June 21, 2022

Relying on MDOT’s own analysis, enemies of toll lanes urge federal authorities to reject project study

The “traffic model fails dramatically,” argued the enemies of the expressway plan in a letter to FHA administrator Stephanie Pollack, because it contradicts an analysis published in a previous journal.

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Opponents of Maryland’s plan to add toll lanes to the Capital Beltway and Interstate 270 in Montgomery County on Wednesday urged the Federal Highway Administration to withdraw an analysis of the proposal that the state and the agency federal government released earlier this month.

The “traffic model fails dramatically,” argued the enemies of the expressway plan in a letter to FHA administrator Stephanie Pollack, because it contradicts an analysis published in a previous journal.

In particular, they point to an analysis of traffic speeds along the inner loop of Interstate 495 near Old Georgetown Road, where – if Governor Lawrence J. Hogan Jr.’s plan goes ahead – two new ones toll lanes would merge with existing lanes. .

The letter was signed by Ben Ross, head of the Maryland Transit Opportunities Coalition; Barbara Coufal, co-chair of Citizens Against Beltway Expansion; and Janet Gallant and Sally Stolz, leaders of DontWiden270.org. All three groups have vigorously opposed Hogan’s plan since its announcement four years ago.

In 2019, critics noted, the Maryland Department of Transportation concluded that adding “expressways” west of – but not east of – Old Georgetown Road “would create a” new bottleneck. throttling “at the melting point”.

The letter to FHA includes MDOT’s own graphic to illustrate this point.

The attempt to get the federal government to abandon analysis of the project cites other examples of what activists claim to be “invalid” traffic modeling.

They noted that the state’s plan “would reduce evening rush hour traffic volumes by up to 4% on the northbound bypass south of US 50 in Prince George County, nearly eliminating traffic. congestion there ”. A similar reduction is also planned for the US 50 to Annapolis.

“There is surely something wrong with a model that shows traffic jams go away in Prince George County when a freeway is widened on the other side of Washington,” the group wrote.

“The traffic forecast for the College Park-Greenbelt area is particularly questionable – 15.9% fewer cars on Kenilworth Avenue, 12.8% on Route 1 and 9.9% on Baltimore-Washington Parkway,” said they added.

“When a model has such serious and pervasive errors, none of its results can be reliable. Such a model is not a credible basis for federal decision making. It needs to be corrected.

Many transport advocates and business groups have praised Hogan for his willingness to present a plan to address some of the traffic problems in the capital region, which are consistently among the worst in the country.

The state hopes to contract with Accelerate Maryland Partners (AMP), a consortium led by Transurban and a second Australian company, to finance and build the tracks. Transurban has an extensive network of “expressways” in Northern Virginia, and the company’s CEO told investors that securing the contract in Maryland is a top priority.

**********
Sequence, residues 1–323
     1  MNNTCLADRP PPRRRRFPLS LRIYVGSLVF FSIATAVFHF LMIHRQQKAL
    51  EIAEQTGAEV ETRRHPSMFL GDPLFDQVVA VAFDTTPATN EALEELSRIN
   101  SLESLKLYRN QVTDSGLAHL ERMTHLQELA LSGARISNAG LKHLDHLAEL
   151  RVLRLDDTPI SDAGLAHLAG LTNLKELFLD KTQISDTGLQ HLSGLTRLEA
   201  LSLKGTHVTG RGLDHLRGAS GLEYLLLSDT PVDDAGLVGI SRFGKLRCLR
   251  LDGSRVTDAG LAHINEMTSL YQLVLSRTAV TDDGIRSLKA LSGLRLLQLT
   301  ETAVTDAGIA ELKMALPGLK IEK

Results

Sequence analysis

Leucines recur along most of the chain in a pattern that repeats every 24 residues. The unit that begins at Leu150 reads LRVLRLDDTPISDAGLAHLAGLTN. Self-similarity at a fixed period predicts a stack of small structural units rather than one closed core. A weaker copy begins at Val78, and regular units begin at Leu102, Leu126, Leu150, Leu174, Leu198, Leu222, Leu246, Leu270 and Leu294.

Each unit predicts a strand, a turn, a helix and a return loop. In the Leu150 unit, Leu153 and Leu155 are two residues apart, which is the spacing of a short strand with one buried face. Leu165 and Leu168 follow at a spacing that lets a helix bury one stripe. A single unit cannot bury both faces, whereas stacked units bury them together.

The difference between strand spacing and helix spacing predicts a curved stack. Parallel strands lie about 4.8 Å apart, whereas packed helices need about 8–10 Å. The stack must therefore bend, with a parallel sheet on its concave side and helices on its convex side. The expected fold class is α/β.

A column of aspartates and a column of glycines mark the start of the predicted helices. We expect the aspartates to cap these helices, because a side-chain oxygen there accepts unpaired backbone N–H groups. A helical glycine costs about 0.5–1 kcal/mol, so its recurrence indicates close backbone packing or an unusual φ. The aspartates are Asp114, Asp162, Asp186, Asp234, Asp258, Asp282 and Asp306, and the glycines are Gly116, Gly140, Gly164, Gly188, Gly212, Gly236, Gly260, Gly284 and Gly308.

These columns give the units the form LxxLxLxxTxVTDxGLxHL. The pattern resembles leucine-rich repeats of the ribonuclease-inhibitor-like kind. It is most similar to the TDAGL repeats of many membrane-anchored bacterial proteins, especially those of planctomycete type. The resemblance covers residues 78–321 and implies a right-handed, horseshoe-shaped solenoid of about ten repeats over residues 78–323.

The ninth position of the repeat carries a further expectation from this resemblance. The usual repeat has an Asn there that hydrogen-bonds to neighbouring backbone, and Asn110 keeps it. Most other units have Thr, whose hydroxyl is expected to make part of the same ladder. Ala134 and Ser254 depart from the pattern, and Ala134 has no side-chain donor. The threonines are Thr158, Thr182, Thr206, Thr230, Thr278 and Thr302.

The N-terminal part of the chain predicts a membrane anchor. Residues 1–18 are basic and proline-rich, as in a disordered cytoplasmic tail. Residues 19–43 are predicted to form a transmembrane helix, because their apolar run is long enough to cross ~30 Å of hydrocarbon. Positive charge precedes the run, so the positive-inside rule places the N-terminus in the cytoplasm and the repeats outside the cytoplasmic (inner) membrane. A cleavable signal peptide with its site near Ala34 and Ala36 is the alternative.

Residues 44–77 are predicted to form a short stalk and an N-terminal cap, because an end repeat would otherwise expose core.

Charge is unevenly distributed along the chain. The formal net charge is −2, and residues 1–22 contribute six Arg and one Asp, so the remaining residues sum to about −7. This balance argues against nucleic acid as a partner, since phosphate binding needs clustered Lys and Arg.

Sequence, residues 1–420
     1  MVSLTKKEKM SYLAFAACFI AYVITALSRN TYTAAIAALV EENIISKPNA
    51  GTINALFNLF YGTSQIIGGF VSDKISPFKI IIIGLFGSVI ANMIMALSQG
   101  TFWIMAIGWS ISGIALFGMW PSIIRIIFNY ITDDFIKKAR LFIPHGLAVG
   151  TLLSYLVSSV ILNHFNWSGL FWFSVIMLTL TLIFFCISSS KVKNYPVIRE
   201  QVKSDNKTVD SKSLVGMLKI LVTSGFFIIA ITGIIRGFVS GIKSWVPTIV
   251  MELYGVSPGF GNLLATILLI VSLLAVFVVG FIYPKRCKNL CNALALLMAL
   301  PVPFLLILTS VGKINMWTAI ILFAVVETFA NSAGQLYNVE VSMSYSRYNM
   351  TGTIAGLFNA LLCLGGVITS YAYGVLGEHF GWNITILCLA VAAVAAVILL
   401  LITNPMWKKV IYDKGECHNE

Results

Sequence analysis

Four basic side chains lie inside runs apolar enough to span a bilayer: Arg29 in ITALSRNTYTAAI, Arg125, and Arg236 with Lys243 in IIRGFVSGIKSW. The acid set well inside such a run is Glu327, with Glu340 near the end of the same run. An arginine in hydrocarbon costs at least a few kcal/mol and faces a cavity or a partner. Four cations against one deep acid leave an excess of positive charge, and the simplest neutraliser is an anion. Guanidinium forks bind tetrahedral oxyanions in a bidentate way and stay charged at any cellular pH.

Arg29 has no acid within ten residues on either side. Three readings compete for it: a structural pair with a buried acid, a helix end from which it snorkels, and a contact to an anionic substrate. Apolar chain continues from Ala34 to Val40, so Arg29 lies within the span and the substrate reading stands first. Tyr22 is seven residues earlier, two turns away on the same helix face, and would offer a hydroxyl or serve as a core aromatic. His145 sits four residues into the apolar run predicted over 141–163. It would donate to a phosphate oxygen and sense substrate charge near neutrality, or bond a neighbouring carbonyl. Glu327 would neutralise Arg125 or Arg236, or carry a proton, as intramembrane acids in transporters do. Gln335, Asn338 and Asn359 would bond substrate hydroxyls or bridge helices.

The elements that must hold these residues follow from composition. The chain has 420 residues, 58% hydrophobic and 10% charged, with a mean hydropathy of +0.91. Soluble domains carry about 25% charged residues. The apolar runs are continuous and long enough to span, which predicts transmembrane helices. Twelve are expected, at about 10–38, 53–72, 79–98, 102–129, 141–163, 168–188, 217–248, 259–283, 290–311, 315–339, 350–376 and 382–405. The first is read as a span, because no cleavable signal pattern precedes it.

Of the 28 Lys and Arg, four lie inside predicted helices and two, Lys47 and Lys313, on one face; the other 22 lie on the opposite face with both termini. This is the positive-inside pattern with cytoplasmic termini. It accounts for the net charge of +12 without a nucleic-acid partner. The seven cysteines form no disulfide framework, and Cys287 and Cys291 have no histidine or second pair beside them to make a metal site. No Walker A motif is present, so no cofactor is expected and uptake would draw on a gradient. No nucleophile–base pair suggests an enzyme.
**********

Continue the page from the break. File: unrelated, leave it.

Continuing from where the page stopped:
The AMP would determine the tolls that motorists would pay – and bear the maintenance costs on new and existing tracks – in exchange for the ability to keep most of the revenue generated.

The existing lanes would remain available for free use, but the concessionaire would take over a free lane on I-270.

Hogan and Transportation Secretary Greg Slater said the tracks would be built “at no net cost” to the state, although critics – including many members of the General Assembly and state treasurer Nancy K .Kopp (D) – laugh at this assertion.

Supporters of “dynamic” tolls say they work because tolls increase as needed to keep traffic flowing – and motorists who never use them benefit, due to less congestion on the tracks. “Free”.

Critics fear that the benefits of peak demand will flow to those who have the financial resources to get out of traffic jams.

In response to the letter to Pollack, Terry Owens, a spokesperson for MDOT, defended the data and methodology used to develop the traffic relief estimates. He went on to say that the traffic on the Beltway and I-270 would be worse without the road widening plan that the administration is pushing forward.

Hogan originally proposed adding four lanes to the entire Beltway, the entire I-270, and the federally-owned Baltimore-Washington Parkway. With his term in Annapolis due to end in 15 months due to the length of office, the governor is on a tight schedule to secure a construction contract with the Public Works Council next year.

A losing bidder, Capital Express Mobility Partners, has filed a lawsuit in Montgomery County. The consortium protested against MDOT’s selection of AMP, saying the absence of a construction company from the group made its bid lower than that presented by CEMP.

Supporters of Hogan’s plan praised him for his willingness to embrace the changes – and downsize his original vision – in response to concerns from homeowners, environmental groups and elected officials in Montgomery County and beyond.

It is because of these changes that the MDOT was forced to produce a supplemental environmental impact study to replace the document released by the agency last year.

“The traffic modeling is credible, but we welcome and will consider any comments received on the additional draft environmental impact assessment,” Owens said in an email to Maryland Matters.